Journalism in the Public Interest

Five Consumer Resources From Our Acetaminophen Investigation

Each year, acetaminophen overdose sends as many as 78,000 Americans to the emergency room. We’ve created five consumer resources to help you become more aware of the inherit risks of the pain reliever “hospitals use most.”


(Lars Klove for ProPublica)

Last week, ProPublica and This American Life published a blockbuster report revealing the inherent risks of acetaminophen, the active ingredient in Tylenol. Each year, acetaminophen overdose sends as many as 78,000 Americans to the emergency room and 150 people die from accidentally overdosing on the pain reliever “hospitals use most.”

As part of our investigation, we created five consumer resources to help you become more aware of acetaminophen toxicity, which the FDA now calls a “persistent, important public health problem.”


1. Drug Lookup

Many common over-the-counter medicines contain acetaminophen, including Theraflu and Nyquil. This tool allows you to easily search for the drugs in your medicine cabinet and see just how much acetaminophen you’re taking.


2. Dose-o-Meter

Mixing Tylenol and other medications can quickly put you over the recommended daily dose, and in danger of damaging your liver. Select a group of medicines to see whether you’re still within a safe dosage of acetaminophen. 


3. Symptoms of Acetaminophen Poisoning

Overdosing on painkillers can begin with nausea and, in extreme cases, end in death. Use our chart to see the phases of acetaminophen poisoning and its impact on your body.


4. Discussion: Acetaminophen Risks, Safety Measures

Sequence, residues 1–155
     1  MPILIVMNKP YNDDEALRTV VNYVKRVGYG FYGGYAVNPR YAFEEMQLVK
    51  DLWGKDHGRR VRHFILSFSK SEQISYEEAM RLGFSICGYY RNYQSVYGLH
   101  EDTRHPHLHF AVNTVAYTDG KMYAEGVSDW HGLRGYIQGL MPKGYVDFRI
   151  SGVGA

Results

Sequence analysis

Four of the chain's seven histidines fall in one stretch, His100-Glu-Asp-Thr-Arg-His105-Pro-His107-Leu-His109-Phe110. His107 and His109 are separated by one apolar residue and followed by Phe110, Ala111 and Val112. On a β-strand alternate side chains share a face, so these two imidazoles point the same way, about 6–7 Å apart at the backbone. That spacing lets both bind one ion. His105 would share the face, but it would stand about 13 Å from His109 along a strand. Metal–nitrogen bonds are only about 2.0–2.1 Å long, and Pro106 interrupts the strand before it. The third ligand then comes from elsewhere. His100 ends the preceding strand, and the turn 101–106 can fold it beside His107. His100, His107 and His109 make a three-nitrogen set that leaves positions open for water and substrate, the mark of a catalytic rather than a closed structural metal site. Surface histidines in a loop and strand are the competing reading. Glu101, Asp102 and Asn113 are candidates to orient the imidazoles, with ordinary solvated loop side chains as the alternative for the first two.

Still have questions? Join our live discussion on our investigation this Thursday at 1 pm ET. Our reporter T. Christian Miller will be joined by liver disease specialist Dr. William Lee and pharmaceutical marketing expert PeterMax Miller, to discuss how the FDA and drug company McNeil fought or delayed measures to protect consumers. Weigh in to the chat on our site, or tweet your questions with the hashtag #AcetaChat.


5. Share Your Story

Have you or someone you know suffered from acetaminophen poisoning? Help continue our reporting, and share your story here. And to tell the FDA about your experience, you can fill out a consumer report form.

contact any poison center , they’ll tell you .

thanks for the report, but “inherit risk?” did you mean inherent?

Why make this look so complicated?
For adults who do not have liver disease, do NOT EVER take more than 3,000 mg daily.  It is best and safest to not exceed 2,000 mg daily
For kids it would go by weight.
Why not simply publish a chart showing maximum daily dosages, by child’s weight, per day.  If people know what their child weighs, and can perform simple arithmetic, this should suffice.

The inherit/inherent problem is bad, perhaps especially so because it’s in the opening sentence.

ProPublica, you’re better than this. Fix it.

Too bad you didn’t state what is the safe maximum dosage is. This article is useless with that simple fact.

Lowell Boardman

Oct. 22, 2013, 3:52 a.m.

Tylenol is often recommended for conditions resulting from inflammation. Tylenol is not an anti-inflammatory. In Hospital Tylenol is routinely administered to elderly patients with a high risk of impaired liver and/or impaired kidney function. To start someone on Tylenol without baseline labs for liver and kidney function while failing to monitor kidney and liver function daily during Tylenol therapy is irresponsible. My father suffered from kidney failure for the last 20 years of his life. He was routinely given Tylenol despite Kidney failure. If we were to review the VA Hospital Histories of current Dialysis patients we would likely see substantial dosing with Tylenol prior to Kidney failure. While Kidney and Liver function might not have been optimal at first intake, Kidney and Liver function likely declined with each VA Hospitalization. Each VA stay would include Tylenol given throughout the stay. Tylenol would be the recommended pain killer on release. Now the question is what did the FDA, VA and McNeil know? When did they know it? What actions did they take based on that knowledge?

This article is part of an ongoing investigation:


About 150 Americans a year die by accidentally taking too much acetaminophen, the active ingredient in Tylenol. The toll does not have to be so high.

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